The cult of the 14-year-old doggy entrepreneur

Brooke Martin is 14 going on 30. And her product, iCPooch, lets you video chat with your dog on vacation. Cue cute mania.
Crosscut archive image.

Brook presenting at Discovery Education 3M Young Scientist Challenge

Brooke Martin is 14 going on 30. And her product, iCPooch, lets you video chat with your dog on vacation. Cue cute mania.

iCPooch — presented at last week’s Geekwire summit — is Skype for your dog, but with cookies. Not spyware but, like, real cookies that you can deliver to your Fido via the internet. Now, there are two things you must come to terms with about iCPooch: that it could actually, maybe work and that it was invented by a 14-year-old.

Okay? Let’s move on.

Brooke Martin, inventor of iCPooch, does not sound 14. When she called me from her Spokane home, she thanked me for my time; when I mentioned how impressed I was by her Geekwire talk, she said she was “just trying to inspire young people.” She uses words like entrepreneurial and humbling. She thanks her supporters. Look at her face and you see a high-school sophomore; watch her body language and you see the 30-something founder of a startup.

iCPooch was inspired by Brooke’s golden retriever Kayla, whom Brooke diagnosed as having separation anxiety. “We’d be getting ready to leave and she’d be running all over the house, carrying our shoes around,” says Brooke. So, Brooke thought of our own cure for separation anxiety — video chatting. Logical enough, although dogs don’t have the same tolerance for glitchy video feeds. Enter the cookies.

For $100, you get a plastic, treat dispenser with a computer inside so that it can connect to your home wi-fi. After downloading the iCPooch app on two different tablet/smartphone devices, you place one device on the face of the dispenser and the other in your pocket. Next, fill the dispenser with snacks and off to work or dinner or vacation you go! When you get worried about your pooch, you can beam into the room and call it over. Then, push the “Drop Cookie” button and out it pops. Brooke sees iCPooch extending to cats (yeah, okay), candy for your kids (well, maybe) and “even giving pills to your Grandma” (hmm…).

In its first two months of retail, iCPooch has sold 400 units. What’s more impressive, however, is Brooke’s exposure. At Spokane’s Start Up Weekend — a business workshop and competition — she received a standing ovation and first place. On Kickstarter, she raised almost $30,000. She was the only exhibitor under 16 at the Global Pet Expo in Orlando. She’s been mentioned in the Wall Street Journal and the New York Times, featured on NPR, Fox Business and NBC, and celebrated in pet publications nationwide. Next week, Brooke will travel to New York to speak at the Purina “Better with Pets” summit. People love iCPooch.

Unless, of course, they just love Brooke.

She has certainly tapped into a relevant and exploitable trend: We love our dogs, but don’t have time for them. According to the Humane Society, 47 percent of American households own an average of 1.6 dogs. This puts us well into first place for dogs per capita. And yet, Yelp alone lists over 100 doggie daycares between Edmonds and Burien — pretty close to the number of actual daycares. In the world of PetSmarts and Petcos and Mud Bay, people are willing to spend on their pets — the pet industry fetched $55 billion last year. One can imagine a place for iCPooch on their shelves.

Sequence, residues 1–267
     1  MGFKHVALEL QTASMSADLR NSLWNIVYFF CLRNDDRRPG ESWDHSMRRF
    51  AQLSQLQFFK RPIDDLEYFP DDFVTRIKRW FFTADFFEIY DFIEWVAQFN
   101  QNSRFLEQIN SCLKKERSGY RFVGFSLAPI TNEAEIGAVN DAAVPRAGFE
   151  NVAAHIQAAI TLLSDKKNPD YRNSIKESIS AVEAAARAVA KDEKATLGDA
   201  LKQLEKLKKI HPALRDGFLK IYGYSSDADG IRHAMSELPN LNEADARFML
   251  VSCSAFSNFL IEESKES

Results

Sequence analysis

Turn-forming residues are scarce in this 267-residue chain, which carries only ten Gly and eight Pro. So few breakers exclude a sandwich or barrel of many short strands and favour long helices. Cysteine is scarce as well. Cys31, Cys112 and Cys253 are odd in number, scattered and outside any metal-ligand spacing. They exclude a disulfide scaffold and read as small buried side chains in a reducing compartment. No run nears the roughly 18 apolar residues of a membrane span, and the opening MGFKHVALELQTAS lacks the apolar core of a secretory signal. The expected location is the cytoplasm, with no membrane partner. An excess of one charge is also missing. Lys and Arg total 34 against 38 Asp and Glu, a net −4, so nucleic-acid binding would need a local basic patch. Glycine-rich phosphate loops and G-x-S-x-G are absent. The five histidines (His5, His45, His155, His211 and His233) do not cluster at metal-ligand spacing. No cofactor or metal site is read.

But, without Brooke and without viral videos, does iCPooch still exist? At 14, Brooke is a young, articulate, business woman (girl?). She’s poised on stage and answers questions easily. She is, without a doubt, magnetic. Now picture a Capitol Hill hipster or man in a suit pitching iCPooch and it’s not so interesting.

Indeed, there is no media on iCPooch that isn’t Brooke-centric. During last week’s Geekwire summit, T-Mobile CEO John Legere was floored by Brooke: “Give me a break. iCPooch. I mean, kids, dogs. You shitting me. I was pissed right then. I was trying to call in sick. I was saying there is no freakin’ way I am going in after that genius.” But, Mr. Legere, are you actually interested in an iCPooch device for your furry friend?

I asked Brooke what the hardest part of iCPooch has been and she said balance. “It’s homecoming this weekend, but I’m going to New York to speak,” the regret in her voice lingering for just a second before she caught herself: “but it’s such a great opportunity and I’m so grateful.”

Yes, it is a great opportunity for her. But it also must be confusing: Should she be a business prodigy with a great idea or a 14 year old who’d rather go to homecoming? Can she be both? It’s a question for her fans as well: Do we like her or her product? In the end, it really boils down to one thing: Are we more obsessed with neat kids or our dogs?

iCPooch will tell us in time.


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About the Authors & Contributors

David Kroman

David Kroman

David Kroman is formerly a reporter at Crosscut, where he covered city politics.